An ambassador must be able to form good and lasting relationships with those individuals who can supply the most relevant local information in order to be able to judge the situation in the country of their posting. Agda Rössel was able to deal with people at all levels and forged ties with leading figures and a variety of diplomats through the professional and warm hospitality she provided at her residence and at the embassies. She was thus a very well-informed and up-to-date observer of each
country that she worked in. She was much-noted for her factual and scrupulously prepared diplomatic reports. An example of this is when she prefaced one of her reports to the Swedish Foreign Ministry with a prediction that following the death of Tito the republic of Yugoslavia would break up.
Intellectual curiosity was a driving factor for Agda Rössel, beginning with literature, reading, and languages – all of which she put to good use in diplomatic service by thoroughly researching each of her host countries. She read everything she could get her hands on about the population, the history, and the culture of each country she was posted to, and she travelled extensively in order to meet ordinary people and experience how they lived.
Agda Rössel developed a sense of international empathy during her time in Arbetsmarknadsstyrelsen as she had worked with Swedish refugee centres. Her meetings with refugees and people who came from a range of war-ravaged and crisis-ridden areas had left a lasting impact on her. She became known for being particularly concerned with the humanitarian aspect to the selection of refugees to be taken in by Sweden and proposed the initiative that even those suffering from tuberculosis should be accepted.
Agda Rössel’s courage and integrity came to the fore whenever she was engaged in what was, at that time, considered to be controversial issues, such as when she campaigned against genital mutilation and against the death penalty. The question of the death penalty eventually became a resolution of the United Nations’ General Assembly and an enquiry followed. Although it took time for it to become a convention she still brought the matter to the table. The issue of genital mutilation of girls faced a lot of opposition and was only actively considered after she had left the United Nations. She also helped to get other sensitive issues – such as maternity care, family planning, and sexual education – included in the United Nations’ agenda.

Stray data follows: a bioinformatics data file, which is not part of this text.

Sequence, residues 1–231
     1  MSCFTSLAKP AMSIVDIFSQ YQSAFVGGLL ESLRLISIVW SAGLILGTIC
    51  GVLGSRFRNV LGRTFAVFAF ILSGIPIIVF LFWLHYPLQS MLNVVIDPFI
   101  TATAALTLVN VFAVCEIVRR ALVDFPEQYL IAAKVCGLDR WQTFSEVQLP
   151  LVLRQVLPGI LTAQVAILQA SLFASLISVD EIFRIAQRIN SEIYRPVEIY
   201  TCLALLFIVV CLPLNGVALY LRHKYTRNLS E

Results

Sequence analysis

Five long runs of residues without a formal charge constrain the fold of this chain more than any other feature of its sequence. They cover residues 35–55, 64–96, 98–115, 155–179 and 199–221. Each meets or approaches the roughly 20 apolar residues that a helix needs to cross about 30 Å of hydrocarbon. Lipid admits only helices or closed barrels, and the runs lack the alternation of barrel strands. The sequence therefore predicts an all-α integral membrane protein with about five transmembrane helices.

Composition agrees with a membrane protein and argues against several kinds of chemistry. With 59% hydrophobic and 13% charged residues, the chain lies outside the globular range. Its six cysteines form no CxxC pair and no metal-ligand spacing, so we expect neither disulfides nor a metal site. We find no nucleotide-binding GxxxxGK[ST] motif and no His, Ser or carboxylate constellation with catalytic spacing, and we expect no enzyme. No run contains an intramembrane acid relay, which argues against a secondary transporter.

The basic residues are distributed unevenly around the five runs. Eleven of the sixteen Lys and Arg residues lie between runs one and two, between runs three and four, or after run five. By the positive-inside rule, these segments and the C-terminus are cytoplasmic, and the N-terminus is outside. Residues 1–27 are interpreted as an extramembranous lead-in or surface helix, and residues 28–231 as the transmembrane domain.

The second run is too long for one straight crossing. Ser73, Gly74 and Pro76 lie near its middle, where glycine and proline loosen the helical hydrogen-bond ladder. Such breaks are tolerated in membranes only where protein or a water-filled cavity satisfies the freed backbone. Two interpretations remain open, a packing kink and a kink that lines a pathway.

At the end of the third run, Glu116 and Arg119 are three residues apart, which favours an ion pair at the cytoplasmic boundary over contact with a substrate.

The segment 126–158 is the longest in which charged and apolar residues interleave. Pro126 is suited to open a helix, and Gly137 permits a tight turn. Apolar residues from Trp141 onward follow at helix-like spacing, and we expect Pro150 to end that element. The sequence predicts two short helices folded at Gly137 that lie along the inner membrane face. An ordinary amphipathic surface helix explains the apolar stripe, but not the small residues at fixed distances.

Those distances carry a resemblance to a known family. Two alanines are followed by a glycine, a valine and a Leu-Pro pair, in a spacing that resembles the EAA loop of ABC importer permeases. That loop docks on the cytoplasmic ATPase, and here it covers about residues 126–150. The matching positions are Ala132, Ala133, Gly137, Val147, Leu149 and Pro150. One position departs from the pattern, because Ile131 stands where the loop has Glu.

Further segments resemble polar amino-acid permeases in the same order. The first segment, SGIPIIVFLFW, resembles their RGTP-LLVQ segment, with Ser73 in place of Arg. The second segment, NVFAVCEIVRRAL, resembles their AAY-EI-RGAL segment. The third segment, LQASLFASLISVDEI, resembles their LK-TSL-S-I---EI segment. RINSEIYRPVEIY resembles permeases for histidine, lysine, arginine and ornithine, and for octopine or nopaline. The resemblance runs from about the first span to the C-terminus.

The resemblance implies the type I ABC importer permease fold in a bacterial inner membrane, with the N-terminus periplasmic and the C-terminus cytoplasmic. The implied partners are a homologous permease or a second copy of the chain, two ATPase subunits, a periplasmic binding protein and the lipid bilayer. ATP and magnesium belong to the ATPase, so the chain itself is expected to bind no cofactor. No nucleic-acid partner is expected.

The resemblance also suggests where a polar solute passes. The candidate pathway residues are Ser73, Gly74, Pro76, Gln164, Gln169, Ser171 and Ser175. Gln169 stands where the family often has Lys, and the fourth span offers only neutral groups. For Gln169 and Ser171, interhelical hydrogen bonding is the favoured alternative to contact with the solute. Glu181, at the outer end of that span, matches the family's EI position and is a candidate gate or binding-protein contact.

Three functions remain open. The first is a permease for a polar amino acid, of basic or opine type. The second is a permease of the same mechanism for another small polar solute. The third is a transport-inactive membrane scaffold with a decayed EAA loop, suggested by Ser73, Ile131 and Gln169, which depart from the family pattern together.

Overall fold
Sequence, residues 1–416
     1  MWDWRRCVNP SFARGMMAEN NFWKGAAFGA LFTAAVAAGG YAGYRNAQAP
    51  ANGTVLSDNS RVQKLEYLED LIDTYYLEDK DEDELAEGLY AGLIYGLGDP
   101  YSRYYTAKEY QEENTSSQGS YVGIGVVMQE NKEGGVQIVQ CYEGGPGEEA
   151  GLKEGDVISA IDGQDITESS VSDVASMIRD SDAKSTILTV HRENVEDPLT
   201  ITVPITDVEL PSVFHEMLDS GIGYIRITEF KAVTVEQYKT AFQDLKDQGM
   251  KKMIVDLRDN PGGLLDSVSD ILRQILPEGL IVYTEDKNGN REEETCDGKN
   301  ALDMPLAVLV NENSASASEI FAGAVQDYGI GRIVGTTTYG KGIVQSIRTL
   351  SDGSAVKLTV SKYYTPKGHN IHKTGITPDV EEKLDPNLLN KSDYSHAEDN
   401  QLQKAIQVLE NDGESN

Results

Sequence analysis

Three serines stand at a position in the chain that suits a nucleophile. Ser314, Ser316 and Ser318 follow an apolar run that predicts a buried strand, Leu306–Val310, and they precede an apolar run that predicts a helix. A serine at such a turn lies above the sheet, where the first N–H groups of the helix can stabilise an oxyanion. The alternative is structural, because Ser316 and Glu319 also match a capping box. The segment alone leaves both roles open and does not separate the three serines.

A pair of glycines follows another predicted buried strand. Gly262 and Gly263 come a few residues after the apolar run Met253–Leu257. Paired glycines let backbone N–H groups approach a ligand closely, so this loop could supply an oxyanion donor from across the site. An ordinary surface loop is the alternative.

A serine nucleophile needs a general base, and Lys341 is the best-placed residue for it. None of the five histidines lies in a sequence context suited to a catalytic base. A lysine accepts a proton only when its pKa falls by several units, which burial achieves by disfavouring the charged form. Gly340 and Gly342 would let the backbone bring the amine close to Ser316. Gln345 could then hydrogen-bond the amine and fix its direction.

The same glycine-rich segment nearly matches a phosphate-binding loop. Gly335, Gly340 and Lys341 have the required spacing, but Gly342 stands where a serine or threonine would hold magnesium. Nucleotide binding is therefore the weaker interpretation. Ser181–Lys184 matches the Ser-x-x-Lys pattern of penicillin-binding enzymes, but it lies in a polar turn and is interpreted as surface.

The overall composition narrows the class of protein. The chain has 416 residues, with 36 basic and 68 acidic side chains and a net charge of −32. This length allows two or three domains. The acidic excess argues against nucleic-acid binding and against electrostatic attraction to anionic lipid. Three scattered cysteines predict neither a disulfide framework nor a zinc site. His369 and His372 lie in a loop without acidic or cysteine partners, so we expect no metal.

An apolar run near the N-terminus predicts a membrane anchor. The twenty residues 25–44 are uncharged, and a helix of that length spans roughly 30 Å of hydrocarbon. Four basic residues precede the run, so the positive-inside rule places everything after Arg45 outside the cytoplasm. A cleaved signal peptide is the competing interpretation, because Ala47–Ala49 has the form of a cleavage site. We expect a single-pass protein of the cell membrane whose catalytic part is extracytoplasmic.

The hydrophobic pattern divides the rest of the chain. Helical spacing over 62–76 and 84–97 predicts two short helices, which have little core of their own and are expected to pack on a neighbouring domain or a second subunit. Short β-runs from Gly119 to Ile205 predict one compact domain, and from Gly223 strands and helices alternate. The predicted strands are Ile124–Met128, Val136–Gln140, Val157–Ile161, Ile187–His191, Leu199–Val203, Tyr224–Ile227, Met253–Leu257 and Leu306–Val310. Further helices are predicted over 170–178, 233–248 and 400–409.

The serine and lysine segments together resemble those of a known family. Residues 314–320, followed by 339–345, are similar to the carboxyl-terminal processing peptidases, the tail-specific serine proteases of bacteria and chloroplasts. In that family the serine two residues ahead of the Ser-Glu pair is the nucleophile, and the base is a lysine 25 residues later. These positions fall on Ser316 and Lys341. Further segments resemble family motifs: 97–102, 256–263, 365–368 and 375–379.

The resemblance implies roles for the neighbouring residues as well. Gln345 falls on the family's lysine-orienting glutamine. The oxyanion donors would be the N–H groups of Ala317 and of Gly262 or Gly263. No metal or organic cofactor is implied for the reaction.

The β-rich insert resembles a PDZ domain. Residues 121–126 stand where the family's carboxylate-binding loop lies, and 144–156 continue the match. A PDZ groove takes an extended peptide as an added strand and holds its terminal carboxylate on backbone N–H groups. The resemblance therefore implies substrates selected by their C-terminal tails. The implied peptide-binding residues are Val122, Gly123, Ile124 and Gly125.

That Agda Rössel had mastered the difficult skill of presenting herself as impartial towards the country she was working in was confirmed in her appointment as the Swedish Foreign Ministry’s external expert on dictatorships. Her first case was Tito in Yugoslavia, followed up by the Communist dictatorship in Czechoslovakia, and the military junta in Greece. She formed a network of friends in Greece which extended beyond the official spheres and was constantly in touch with the opposition. She performed normal diplomatic work and maintained a dialogue with the Greek government in order to try and bring issues regarding democracy to the fore. At the same time she quietly collaborated with a kind of underground enterprise, allowing her official residence to serve as a refuge for the democratic opposition movement. She apparently did this on the instruction of the Swedish government and in accordance with Swedish foreign policy.
It was no easy task to serve as a diplomat in countries which were run by dictators. Agda Rössel has described her time in Czechoslovakia as the most difficult period of her career. On her retirement in 1977, following 18 years’ service as an ambassador, she gave a newspaper interview revealing how psychologically burdensome it had been to work with the Czech government whilst also seeing how arbitrarily those who thought differently were treated.
Retirement brought an end to her diplomatic career. She then spent several years working as a consultant to the Swedish Trade Council.
Agda Rössel died in Stockholm in 2001. She is buried at the Norra cemetery in Solna.